I'm interested in hearing what the preparation process is for some people.
Before leaving my home or the newsroom most of the time I'll already have a good grasp of what to expect going in. I find and research the video features I do which really helps me pick and choose what will make the best story and the best visually. Most of the time I'll do a phone pre-interview with the person or meet them ahead of time to talk which helps me get;
Anyone else going to chime in on this? I'm curious as well.
I pretty much do everything in my head. Before I head out, I visualize (storyboard) the story. I try to think about my what opening and ender shots should be.
I only listen to music on the way to shoot something to clear my mind a bit.
When I get the idea/assignment for a story, I usually talk with a reporter if there is one. If not, I make a call and talk with the person to find out what they might be up to that day, or that week. Talking to the reporter, I'm trying to focus the idea into a story, and see where they're headed with their ideas.
After reading the above posts, I can only conclude that I have developed some bad habits. I don't do much pre-planning or storyboarding; I don't scout locations before hand; pre-interviews are rare before the actual assignment; I don't usually write my questions down either... but at the same time a lot of this is playing out in my mind. I usually have a good idea of what I will see or at least I think I do and if I don't I will adapt.Usually, I go into a story with a basic framework of the subject from what is on the assignment sheet, then work it from there. Most of the time at the assignment I will talk to people just to get an idea and if they seem like they'd be good on camera, then I ask them for an interview. As far as shooting, I approach it like I'm working on a photo-essay but with a video camera- wide, medium, tight, a mix of rack focus low angles, subject interaction, get nat sound, which I forget to do regularly, I'm working on that... but for the most part that is how I approach most feature stories.Until writing this I hadn't really made a check list. At this point more thought goes into my still assignments than for video. I definitely need to get a more consistent workflow. Thanks for getting me thinking!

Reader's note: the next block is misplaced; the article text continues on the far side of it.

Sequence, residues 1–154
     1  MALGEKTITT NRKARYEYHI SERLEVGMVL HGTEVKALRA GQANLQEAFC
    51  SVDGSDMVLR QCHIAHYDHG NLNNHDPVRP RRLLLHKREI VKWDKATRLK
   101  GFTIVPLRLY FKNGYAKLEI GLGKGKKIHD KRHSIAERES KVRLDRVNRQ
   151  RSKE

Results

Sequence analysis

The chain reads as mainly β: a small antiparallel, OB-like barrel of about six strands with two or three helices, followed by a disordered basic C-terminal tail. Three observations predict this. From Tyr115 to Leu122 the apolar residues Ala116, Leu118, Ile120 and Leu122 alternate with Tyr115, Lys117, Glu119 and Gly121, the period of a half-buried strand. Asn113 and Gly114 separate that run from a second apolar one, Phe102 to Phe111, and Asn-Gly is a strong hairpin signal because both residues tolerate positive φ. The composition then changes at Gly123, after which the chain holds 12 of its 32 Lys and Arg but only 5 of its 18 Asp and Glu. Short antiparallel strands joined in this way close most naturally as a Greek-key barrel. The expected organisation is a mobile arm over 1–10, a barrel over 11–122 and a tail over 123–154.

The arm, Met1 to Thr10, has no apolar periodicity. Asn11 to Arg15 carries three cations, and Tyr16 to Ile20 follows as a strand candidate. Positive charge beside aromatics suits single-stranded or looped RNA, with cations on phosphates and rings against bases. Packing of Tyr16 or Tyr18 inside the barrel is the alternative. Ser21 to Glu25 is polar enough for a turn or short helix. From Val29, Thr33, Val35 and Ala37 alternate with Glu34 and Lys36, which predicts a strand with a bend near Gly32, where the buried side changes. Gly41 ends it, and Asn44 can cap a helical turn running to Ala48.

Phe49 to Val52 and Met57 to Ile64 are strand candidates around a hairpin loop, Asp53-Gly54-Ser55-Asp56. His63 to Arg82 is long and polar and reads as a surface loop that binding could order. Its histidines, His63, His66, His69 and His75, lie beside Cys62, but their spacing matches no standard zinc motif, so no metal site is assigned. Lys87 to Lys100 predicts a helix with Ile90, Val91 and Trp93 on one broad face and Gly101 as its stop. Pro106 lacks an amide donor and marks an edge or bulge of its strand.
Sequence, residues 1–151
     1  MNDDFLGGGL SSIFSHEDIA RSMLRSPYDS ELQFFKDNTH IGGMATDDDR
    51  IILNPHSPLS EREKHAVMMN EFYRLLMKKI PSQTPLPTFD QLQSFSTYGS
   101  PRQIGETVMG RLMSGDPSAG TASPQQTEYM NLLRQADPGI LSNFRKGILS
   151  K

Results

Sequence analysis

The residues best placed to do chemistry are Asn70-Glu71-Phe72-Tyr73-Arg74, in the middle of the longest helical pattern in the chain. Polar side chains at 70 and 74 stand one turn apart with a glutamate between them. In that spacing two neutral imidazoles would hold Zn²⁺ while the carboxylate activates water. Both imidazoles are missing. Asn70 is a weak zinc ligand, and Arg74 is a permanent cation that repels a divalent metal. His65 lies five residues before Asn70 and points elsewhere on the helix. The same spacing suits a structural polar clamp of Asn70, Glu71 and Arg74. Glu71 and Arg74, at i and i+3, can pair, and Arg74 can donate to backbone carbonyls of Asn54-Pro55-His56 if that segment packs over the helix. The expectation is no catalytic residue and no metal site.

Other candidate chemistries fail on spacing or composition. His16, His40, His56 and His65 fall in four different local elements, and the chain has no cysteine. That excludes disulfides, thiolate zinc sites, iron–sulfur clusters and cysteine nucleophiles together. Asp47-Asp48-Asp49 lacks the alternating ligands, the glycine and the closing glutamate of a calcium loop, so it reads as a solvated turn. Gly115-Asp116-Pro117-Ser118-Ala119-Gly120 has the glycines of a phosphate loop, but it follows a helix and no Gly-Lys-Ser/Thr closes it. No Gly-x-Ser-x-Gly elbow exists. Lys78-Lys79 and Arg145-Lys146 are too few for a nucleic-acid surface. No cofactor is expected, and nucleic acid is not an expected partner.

I try to know as many of the facts as possible. If I'm pressed for time, I can skip over the factual background questions of the interview and get right into the meat of the story.Adam's point of summarizing the story in one sentence is a great one. It really helps me distill exactly what story I'm trying to tell. Is it just a basic "this happened" story where I just want to give the viewer the experience of being there, or is it something more? If I can't summarize the story in one second, how am I going to make a short, engaging video?Since we're often using pool equipment here at The Day, I try to imagine what the shooting environment will be. I'm generally a minimalist when it comes to equipment, but I hate to be caught unprepared. In the best case, I'll only need my camera/headphones, the tripod, and a small waist pack.But depending on what I'm doing, will I need a rain cover? Wireless? Handheld mic? Long XLR cable? Wide angle adapter? Mic stand? Light kit? Multiple cameras?I do a feature-y series called "Behind the Scenes" with an on-camera reporter. We have to decide where we'll do stand-ups, what locations to shoot, and how to transition from one place to another. One some occasions, we get a pre-tour of the location, figure out where we want to go and what we want to say, so that we can arrive with a basic script and shot lost.